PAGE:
- Yo Acuso al regimen de Castro
Cuando vinieron a buscar a los sindicalistas, Callé: yo no soy sindicalista.
Cuando vinieron a buscar a los judíos, Callé: yo no soy judío. Cuando vinieron a buscar a los católicos, Callé: yo no soy “tan católico”.
Cuando vinieron a buscarme a mí, Callé: no había quien me escuchara.
Reverendo Martin Niemöller
- * Analisis del saldo migratorio externo cubano 2001-2007
- * Anatomía de un mito: la salud pública en Cuba antes y después de 1959
- * Cuba: Sistema de acueductos y alcantarillados
- * ELECCIONES: Un millon ciento cincuenta y dos mil personas setecientas quince personas muestran su oposicion al regimen
- * El Trinquenio Amargo y la ciudad distópica: autopsia de una utopía/ Conf. del Arq. Mario Coyula
- * Estructura del PIB de Cuba 2007
- * Las dudas de nuestras propias concepciones
- * Republica y rebelion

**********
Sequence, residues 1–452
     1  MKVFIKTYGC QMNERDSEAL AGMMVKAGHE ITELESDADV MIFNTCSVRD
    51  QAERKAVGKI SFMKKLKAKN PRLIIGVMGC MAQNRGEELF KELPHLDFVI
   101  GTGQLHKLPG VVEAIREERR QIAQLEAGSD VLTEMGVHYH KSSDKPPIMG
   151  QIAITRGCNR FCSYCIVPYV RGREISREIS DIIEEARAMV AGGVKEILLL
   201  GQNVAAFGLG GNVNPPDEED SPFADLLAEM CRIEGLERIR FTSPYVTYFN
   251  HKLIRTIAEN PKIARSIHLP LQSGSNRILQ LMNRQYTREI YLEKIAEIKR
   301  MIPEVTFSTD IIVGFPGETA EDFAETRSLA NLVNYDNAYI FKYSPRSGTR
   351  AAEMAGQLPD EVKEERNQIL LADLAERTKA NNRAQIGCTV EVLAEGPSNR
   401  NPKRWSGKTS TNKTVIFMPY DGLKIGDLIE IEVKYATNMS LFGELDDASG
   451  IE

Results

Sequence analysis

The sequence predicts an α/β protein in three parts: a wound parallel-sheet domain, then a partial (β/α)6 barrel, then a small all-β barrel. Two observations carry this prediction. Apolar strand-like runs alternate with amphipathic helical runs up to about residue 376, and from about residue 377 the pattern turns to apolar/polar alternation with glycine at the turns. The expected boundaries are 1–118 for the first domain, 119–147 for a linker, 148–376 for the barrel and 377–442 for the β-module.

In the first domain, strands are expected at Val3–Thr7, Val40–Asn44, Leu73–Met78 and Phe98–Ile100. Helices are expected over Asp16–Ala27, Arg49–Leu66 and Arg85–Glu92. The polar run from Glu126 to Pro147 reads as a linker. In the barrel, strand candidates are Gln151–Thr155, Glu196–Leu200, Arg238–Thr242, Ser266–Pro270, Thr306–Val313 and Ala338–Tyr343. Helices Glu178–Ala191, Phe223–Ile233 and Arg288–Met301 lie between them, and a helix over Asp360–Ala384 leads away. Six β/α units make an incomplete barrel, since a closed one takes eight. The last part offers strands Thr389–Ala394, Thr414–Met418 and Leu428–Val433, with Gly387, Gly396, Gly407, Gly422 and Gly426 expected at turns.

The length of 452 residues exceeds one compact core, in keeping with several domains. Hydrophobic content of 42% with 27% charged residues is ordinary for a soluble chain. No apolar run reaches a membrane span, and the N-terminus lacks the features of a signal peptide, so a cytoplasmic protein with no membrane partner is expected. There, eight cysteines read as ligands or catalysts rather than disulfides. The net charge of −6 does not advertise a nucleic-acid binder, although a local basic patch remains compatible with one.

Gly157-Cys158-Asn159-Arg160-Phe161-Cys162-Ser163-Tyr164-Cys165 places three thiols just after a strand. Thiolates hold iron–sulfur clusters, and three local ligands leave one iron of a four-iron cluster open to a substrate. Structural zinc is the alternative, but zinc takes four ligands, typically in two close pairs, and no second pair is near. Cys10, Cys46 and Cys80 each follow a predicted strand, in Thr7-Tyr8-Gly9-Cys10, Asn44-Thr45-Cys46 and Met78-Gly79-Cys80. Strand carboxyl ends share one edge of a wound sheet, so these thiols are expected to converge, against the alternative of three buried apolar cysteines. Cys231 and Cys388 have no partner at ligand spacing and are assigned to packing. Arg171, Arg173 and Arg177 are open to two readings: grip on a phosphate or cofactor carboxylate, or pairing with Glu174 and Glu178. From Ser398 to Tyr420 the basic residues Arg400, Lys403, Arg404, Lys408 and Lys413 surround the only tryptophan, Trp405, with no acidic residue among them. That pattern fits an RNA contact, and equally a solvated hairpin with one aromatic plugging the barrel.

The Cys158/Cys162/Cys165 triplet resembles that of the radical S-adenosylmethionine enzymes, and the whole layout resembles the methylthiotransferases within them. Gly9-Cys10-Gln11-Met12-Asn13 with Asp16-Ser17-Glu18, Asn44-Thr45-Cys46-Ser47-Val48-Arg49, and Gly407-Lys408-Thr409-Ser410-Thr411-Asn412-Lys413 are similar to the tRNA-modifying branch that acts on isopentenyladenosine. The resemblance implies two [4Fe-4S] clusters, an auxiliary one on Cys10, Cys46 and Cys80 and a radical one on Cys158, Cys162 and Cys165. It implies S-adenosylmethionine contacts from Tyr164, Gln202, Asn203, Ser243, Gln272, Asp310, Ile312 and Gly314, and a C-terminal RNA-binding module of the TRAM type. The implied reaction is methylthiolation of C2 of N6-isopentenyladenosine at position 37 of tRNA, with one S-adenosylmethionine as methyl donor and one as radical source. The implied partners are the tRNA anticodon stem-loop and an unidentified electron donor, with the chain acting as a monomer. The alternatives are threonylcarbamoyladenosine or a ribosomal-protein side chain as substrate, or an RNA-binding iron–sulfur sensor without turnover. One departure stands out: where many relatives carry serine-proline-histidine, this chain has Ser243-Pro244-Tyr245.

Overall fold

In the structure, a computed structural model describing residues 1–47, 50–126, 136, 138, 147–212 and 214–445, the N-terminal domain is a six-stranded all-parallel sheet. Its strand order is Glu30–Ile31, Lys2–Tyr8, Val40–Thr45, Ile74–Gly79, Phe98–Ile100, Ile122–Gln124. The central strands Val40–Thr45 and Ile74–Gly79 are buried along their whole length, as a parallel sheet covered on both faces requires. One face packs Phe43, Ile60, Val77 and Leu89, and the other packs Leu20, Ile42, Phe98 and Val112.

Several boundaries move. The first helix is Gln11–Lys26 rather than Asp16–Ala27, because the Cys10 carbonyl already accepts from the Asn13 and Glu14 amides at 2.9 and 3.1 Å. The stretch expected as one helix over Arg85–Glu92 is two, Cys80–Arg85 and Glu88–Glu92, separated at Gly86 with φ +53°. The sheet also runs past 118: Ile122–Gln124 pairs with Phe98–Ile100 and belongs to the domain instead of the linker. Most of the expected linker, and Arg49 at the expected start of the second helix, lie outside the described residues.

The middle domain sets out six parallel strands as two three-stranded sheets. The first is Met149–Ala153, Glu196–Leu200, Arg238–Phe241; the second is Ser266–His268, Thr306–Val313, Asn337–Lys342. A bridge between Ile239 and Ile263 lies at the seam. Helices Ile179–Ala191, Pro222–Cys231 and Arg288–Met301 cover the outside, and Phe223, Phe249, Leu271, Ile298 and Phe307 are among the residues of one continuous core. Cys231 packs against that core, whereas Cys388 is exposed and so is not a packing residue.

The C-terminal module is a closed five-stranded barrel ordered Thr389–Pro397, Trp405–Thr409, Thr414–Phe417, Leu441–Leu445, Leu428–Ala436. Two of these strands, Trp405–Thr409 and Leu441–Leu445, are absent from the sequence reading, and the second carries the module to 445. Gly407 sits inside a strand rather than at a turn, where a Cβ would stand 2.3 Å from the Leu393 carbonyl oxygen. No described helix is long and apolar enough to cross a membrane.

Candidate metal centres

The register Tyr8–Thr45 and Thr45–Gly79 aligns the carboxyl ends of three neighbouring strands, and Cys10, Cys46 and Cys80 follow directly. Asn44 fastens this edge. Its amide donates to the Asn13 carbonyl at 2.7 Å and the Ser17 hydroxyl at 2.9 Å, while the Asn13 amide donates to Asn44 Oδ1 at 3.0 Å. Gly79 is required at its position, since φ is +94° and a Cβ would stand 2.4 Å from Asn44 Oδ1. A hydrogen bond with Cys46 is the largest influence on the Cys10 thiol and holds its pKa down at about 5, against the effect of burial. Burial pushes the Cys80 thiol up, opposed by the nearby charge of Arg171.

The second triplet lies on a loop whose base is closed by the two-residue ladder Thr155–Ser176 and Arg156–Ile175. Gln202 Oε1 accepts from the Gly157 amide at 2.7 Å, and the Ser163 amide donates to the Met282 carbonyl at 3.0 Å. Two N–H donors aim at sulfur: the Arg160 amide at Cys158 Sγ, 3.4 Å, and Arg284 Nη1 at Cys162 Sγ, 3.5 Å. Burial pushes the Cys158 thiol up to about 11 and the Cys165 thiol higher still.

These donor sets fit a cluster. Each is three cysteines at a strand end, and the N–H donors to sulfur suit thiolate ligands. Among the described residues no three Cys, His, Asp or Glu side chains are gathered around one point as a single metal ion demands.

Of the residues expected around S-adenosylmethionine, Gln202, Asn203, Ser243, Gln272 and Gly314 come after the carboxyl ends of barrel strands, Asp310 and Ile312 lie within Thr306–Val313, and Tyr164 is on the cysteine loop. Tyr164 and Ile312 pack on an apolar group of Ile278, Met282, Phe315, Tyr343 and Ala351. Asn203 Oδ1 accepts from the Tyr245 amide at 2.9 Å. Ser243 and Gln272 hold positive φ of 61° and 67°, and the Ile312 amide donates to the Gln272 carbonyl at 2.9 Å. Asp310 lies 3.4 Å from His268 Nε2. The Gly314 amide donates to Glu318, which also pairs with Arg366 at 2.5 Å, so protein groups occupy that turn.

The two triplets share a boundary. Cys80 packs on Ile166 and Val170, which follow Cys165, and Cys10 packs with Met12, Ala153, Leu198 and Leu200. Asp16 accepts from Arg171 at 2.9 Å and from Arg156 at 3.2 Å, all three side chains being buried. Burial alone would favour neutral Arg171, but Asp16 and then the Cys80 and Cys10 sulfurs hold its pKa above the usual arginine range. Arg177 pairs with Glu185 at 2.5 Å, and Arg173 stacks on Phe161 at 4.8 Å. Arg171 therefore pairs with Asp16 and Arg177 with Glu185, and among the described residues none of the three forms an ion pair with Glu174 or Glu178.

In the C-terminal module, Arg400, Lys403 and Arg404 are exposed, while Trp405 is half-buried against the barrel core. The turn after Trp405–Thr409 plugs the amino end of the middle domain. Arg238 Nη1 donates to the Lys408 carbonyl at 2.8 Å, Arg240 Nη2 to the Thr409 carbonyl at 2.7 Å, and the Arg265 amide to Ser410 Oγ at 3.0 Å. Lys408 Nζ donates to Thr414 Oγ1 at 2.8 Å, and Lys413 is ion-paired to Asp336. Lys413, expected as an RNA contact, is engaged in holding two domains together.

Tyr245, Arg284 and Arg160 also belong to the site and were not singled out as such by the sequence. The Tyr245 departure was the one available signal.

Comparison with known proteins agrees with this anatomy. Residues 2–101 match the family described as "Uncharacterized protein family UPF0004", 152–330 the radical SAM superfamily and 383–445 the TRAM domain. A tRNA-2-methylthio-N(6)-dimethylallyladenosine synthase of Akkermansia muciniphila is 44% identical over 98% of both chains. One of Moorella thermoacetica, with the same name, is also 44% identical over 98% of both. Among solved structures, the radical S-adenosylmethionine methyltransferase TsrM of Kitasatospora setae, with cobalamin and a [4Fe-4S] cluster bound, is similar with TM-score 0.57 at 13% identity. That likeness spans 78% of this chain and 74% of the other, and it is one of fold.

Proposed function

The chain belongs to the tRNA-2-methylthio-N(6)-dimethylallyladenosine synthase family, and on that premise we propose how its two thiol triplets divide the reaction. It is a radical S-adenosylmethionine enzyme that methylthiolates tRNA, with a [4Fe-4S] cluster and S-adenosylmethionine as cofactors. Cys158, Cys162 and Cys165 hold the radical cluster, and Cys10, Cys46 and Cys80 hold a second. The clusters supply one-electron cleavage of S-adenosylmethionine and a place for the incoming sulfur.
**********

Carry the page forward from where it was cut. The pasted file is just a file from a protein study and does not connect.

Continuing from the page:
- Analisis de los resultados de la Sherrit en Cuba
- Circulacion Monetaria: Tienen dinero los cubanos para "hacerle" frente a las medidas "aperturistas" de Raul?
- Cuba-EEUU: Los círculos viciosos y virtuosos de la transición cubana [ 3] / Lazaro Gonzalez
- Cuba-EEUU: Los círculos viciosos y virtuosos de la transición cubana [ I ]/ Lazaro Gonzalez
- Cuba-Estados Unidos: Los Círculos Viciosos y Virtuosos de la transición cubana [ I I ]- Lazaro Gonzalez
- Cuba: Comercio Exterior 2007 y tasas de cambio
- Cuba: Reporte de turistas enero 2008
- Cuba: Sondeo de precios al Mercado Informal
- Estudio de las potencialidades de la produccion de etanol en Cuba
- Reforma de la agricultura en Cuba: Angel Castro observa orgulloso al Sub-Latifundista de Biran al Mando*
- Turismo en Cuba: Un proyecto insostenible. Analisis de los principales indicadores
- Unificación Monetaria en Cuba: Un arroz con mango neocastrista 
CUBA LLORA Y EL MUNDO Y NOSOTROS NO ESCUCHAMOS
Donde estan los Green, los Socialdemocratas, los Ricos y los Pobres, los Con Voz y Sin Voz? Cuba llora y nadie escucha.
Donde estan el Jet Set, los Reyes y Principes, Patricios y Plebeyos? Cuba desesperada clama por solidaridad.